Right-Hand-Drive: 1969 Jaguar 420G

The Jaguar 420 and its Daimler sibling, the Sovereign, were sold between 1966 and 1969. By some, they were considered the “ultimate expression of compact sporting saloons” that Jaguar built in the 1960s. The car had its roots in the Jaguar S-Type and its higher cost didn’t attract a ton of buyers. The seller has a 1969 420G where the “G” stands for Grand. Located in Coral Springs, Florida, this 420G with right-hand drive has recently seen the light of day after more than 20 years in storage. Since it’s available here on craigslist for $4,265, does that qualify it for “cheap wheels”?

Jaguar’s 420 was the largest car built by the company until the XJ6 was released. Roughly 4,000 of the automobiles were built during its brief production run (according to the seller; other sources say it was more like 10,000), so they’re not common sights today. Besides its price tag, perhaps the bulbous styling of the roofline didn’t endear itself to buyers. The seller’s vehicle was no doubt built for consumption in Europe with the placement of the steering wheel on the “wrong side of the car” as Americans might say.

These cars were powered by a 4.2-liter DOHC six-cylinder engine that was rated at 245 hp using a dual carburetor set-up (the E-Types had three carbs with the same engine which delivered 20 more horses). The seller’s car has the triple-carb configuration that was also used on the XKE. The engine is paired with a 3-speed automatic transmission supplied by BorgWarner. We’re told the motor here turns freely and the cylinders have been flooded with Mystery Oil in anticipation of getting it fired up again.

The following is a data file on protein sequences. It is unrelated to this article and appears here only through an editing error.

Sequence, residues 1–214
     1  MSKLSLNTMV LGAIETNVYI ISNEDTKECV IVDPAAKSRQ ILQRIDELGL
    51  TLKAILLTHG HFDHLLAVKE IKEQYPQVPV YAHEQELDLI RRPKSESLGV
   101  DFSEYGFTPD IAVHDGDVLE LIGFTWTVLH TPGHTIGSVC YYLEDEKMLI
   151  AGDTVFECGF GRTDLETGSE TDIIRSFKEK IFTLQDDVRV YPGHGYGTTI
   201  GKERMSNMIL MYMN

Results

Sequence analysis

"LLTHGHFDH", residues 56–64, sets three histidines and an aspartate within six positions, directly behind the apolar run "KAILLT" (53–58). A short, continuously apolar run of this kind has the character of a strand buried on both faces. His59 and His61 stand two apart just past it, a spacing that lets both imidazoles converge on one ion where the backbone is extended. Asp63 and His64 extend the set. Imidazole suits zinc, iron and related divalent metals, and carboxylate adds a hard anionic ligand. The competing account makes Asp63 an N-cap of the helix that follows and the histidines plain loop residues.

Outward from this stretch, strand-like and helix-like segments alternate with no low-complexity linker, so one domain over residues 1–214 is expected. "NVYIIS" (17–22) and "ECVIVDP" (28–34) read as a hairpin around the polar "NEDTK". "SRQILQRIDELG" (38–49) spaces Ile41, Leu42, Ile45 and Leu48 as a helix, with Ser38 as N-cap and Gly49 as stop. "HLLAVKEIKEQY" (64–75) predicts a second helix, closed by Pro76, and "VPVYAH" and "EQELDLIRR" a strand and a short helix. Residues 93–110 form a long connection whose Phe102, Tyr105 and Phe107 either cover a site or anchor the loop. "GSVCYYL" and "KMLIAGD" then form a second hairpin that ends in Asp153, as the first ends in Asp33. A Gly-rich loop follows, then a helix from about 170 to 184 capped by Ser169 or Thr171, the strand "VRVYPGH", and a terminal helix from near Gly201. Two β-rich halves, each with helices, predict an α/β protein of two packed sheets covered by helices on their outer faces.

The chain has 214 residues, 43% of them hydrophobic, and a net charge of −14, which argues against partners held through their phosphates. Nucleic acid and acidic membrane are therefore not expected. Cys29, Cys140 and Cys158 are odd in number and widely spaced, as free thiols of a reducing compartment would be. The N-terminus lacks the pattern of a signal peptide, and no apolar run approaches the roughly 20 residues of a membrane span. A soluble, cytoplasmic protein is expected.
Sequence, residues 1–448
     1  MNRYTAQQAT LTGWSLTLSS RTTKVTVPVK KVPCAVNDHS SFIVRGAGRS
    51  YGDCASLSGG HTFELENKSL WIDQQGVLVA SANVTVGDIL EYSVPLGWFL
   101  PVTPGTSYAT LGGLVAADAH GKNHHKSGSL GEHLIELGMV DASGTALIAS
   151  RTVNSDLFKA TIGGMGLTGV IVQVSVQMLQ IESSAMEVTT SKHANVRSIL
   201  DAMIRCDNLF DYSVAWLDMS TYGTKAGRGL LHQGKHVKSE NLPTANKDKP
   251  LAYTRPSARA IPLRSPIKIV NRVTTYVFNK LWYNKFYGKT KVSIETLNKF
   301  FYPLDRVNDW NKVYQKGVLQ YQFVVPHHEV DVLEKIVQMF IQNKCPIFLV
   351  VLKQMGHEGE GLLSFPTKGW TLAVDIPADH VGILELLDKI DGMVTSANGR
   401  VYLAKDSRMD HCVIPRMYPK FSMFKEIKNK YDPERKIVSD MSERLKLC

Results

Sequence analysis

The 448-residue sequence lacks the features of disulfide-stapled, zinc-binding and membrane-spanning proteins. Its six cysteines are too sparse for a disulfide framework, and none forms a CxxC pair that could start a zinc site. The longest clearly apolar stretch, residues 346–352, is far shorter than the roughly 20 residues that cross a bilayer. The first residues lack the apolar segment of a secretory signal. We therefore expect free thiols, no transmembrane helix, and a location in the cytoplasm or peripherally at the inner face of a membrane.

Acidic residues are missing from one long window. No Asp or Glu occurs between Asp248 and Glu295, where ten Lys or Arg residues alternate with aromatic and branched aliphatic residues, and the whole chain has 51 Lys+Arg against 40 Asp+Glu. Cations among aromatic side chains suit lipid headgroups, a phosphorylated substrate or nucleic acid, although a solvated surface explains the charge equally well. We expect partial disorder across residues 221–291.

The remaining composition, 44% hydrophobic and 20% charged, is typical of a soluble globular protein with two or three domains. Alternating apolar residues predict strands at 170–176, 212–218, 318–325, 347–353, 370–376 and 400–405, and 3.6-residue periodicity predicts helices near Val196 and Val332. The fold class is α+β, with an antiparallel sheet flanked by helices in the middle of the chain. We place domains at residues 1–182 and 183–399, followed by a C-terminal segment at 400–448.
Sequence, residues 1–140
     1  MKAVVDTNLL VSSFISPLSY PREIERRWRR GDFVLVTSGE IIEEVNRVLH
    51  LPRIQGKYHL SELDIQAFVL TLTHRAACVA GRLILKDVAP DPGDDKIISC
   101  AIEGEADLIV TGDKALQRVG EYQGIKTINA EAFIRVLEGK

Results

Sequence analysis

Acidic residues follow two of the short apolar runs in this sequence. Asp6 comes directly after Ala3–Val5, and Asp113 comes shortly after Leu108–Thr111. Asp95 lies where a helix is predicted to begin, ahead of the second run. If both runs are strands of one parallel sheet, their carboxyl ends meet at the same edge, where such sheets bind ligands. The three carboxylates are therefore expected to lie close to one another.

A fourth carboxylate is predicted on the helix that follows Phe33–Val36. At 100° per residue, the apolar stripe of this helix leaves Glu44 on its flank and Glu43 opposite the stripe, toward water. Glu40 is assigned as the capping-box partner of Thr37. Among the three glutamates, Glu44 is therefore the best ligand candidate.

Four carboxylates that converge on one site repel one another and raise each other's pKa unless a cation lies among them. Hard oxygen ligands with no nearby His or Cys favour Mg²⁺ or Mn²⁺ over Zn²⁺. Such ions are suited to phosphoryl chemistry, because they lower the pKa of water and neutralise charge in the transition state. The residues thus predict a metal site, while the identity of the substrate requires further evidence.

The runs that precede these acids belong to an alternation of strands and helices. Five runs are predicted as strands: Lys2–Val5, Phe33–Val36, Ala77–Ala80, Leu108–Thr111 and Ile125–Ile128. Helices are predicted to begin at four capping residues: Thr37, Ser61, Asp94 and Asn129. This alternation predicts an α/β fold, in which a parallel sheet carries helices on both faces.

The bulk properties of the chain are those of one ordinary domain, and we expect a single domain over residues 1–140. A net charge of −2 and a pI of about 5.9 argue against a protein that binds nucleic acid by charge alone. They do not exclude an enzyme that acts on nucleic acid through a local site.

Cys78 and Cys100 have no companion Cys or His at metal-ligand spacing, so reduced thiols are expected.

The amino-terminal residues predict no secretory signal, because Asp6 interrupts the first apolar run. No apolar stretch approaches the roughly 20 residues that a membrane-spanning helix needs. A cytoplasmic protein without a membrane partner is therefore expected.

Appearance-wise, this Jaguar has survived well. The dark green paint has surface rust which may be the extent of the effects of long-term storage. The interior seems to be in good condition, including the leather upholstery and wool headliner (!). We’re told everything here is complete right down to the tool kit in the trunk. For mobility purposes, the Jag sits on 16-inch XJ8 rims, and the seller begins to refer to the original 14-inch wheels but stops short on their whereabouts. Jaguars are known for their finicky maintenance requirements, so is the low acquisition cost for this “classic” the only thing that might make it cheap wheels?


  1. SubGothius

    The 420 and 420G are entirely unrelated bodies of vastly differing sizes, and the “G” wasn’t just a marketing thing or trim/spec designation.

    The 420 was the final evolution of the Mark 2 via the S-type, retaining most of the original compact-size passenger compartment and doors, first gaining a new, longer roof and tail end with IRS in the S-type, and then a new, more upright and square-grilled front end with the 420.

    The 420G was an evolution of the much larger, frankly enormous, Mark X, though these had basically the same powertrain and IRS as the compact S-type and 420.

    Ultimately Jaguar replaced them both with a single model sized in-between, the original XJ6.

    Like 13
    • Martin Horrocks

      !00% correct. Unfortunately this BF write-up went down the wrong path and the MKX/420G had nothing in common chassis-wise with the Mk2 variants.

      The MkX was an advanced engineering concept for its time, a stand-alone flagship model which replaced the MKIX.The model was aimed at the limousine market, often chauffeur-driven for CEOs, Mayors and the wedding/funeral trade. The Mk X was re-named 420G in 1966, but differences between the MkX and 420G were pretty minimal fashion updates.